Last week we received a question from a project manager that we thought might be helpful to others. On one of his projects, a remodel in a 4 year old $1.6 million dollar home, they replaced the flooring in the lower level of the home with an engineered flooring product with a metal base containing what I can best describe as a thin layer of hardwood. This floor was designed for fast and easy installation with an interlocking system, with all the good looks of a finished in place hardwood floor. The designer had picked it out, and the flooring was $35,000, plus installation. The floor went in easily, but several other trades had things to do that required their walking on the floor after its installation.
As the project manager, he had acquired red rosin paper, as recommended by the supplier of the flooring. This was done during rainy times, so the paper got wet and torn up, and sections had to be replaced a number of times. When the other trades were done, and the paper removed, it appeared that a lot of small pieces of sand or gravel had gotten under the paper somehow, and had caused quite a lot of dents, dings, and scratches in the floor (very dark, almost black finish over a light wood, so they really showed up well). The customer was understandably VERY upset about this, and wanted it fixed. At significant expense, the flooring company was brought in to repair the damage, which required sanding and refinishing the entire floor (after baseboards and other items were once again removed). Finally, the floor looked perfect, but there was no longer any profit left in the job for the project manager, who had to absorb this cost of refinishing.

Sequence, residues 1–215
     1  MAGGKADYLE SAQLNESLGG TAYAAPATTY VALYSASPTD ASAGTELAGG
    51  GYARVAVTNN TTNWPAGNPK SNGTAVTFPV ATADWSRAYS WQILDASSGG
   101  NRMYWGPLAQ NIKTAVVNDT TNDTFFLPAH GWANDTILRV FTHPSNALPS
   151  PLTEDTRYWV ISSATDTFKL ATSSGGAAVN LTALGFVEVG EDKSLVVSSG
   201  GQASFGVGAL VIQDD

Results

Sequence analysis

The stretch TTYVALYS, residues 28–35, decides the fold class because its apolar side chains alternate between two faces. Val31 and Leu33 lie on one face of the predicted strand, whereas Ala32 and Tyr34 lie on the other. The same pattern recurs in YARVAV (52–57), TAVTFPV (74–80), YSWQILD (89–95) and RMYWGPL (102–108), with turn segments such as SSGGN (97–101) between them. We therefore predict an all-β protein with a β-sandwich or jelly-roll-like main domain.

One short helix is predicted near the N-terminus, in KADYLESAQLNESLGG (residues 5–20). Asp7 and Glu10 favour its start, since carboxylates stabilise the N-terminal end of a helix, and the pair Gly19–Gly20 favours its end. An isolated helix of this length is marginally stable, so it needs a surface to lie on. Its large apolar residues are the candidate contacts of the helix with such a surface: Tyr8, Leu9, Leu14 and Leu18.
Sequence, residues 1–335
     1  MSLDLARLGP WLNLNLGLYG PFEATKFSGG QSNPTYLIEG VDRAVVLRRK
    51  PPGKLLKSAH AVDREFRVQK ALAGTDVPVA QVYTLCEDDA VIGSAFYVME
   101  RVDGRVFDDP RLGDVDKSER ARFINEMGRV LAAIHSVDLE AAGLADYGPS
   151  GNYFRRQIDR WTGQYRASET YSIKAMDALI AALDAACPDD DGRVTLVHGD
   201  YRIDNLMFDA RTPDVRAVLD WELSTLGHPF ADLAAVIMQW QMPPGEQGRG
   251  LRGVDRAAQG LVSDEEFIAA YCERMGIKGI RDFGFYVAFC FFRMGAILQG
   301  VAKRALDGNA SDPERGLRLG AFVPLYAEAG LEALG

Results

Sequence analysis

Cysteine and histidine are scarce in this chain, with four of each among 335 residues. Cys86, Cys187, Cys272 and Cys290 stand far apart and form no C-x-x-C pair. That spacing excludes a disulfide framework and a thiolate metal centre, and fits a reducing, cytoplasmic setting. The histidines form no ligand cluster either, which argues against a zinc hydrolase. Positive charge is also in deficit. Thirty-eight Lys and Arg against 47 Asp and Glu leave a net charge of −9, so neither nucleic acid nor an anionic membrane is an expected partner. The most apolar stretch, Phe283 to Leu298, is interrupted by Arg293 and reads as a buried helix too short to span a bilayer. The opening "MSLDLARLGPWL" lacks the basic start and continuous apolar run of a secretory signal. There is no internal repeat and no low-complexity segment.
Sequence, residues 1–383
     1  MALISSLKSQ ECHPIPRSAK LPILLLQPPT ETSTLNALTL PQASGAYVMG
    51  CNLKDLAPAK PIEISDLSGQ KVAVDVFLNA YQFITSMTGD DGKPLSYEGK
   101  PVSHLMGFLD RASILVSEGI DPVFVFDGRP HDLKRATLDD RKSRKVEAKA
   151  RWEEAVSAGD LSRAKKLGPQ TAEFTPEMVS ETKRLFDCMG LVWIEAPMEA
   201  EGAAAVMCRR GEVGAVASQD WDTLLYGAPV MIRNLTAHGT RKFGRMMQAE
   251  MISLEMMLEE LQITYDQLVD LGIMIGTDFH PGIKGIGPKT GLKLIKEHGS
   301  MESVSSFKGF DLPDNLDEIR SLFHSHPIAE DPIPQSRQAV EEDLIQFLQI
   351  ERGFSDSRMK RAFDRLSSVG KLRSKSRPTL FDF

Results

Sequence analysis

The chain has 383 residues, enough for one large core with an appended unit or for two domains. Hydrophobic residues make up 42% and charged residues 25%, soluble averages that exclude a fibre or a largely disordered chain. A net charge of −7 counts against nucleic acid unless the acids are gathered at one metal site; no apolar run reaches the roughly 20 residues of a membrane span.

When the customer received all of the paperwork on the floor, and found out it could only be re-finished two times, then the entire floor must be replaced, the customer was MOST unhappy, and demanded that they receive a new floor with its full lifespan. No way in the world they were going to get stuck with a floor that could only be refinished one more time when they had just spent all of this money. After much ado, many threats, the involvement of legal folks, and similar ugliness, the project manager's company had to pay to have the floor replaced in this home. He would not divulge how much money they lost on this project, but stated it was more than they made on the three previous projects. It was quite a hit to their bottom line.
My recommendation would have been to use a product called Padded Floor Plastic from Global Plastic Sheeting. This material is lightly self-adhesive, so it stays in place on the flooring, won't scoot around or abrade the floor. Because it is lightly adhered to the floor, things should not have any opportunity to get under the covering and move around as was the case with the paper. The padding also helps keep the floor from being damaged, as this product is 80 mils thick. The top layer of the Padded Floor Plastic has polyethylene, so the rain would not have damaged the covering, and could have been wiped or mopped up easily with no damage to the flooring. The initial cost for this product is several times the cost of the red rosin paper, but it is also re-usable, so may be less actual product cost after a few projects. The big difference is in the cost caused by the damage. The cost of this products would have been borne by the customer had it been used in the first place. All of the costs associated with the damaged flooring were borne by the contractor. I told him that had they given this customer the option of using the cheaper red rosin paper, and being responsible for any damage that might be caused, or paying a little more for an appropriate covering, and having the contractor be responsible for any damage, I would bet that they would have very few customers choosing the red rosin paper. You might want to consider this for your next project, especially if using any of the engineered products with limited times they can be sanded and refinished.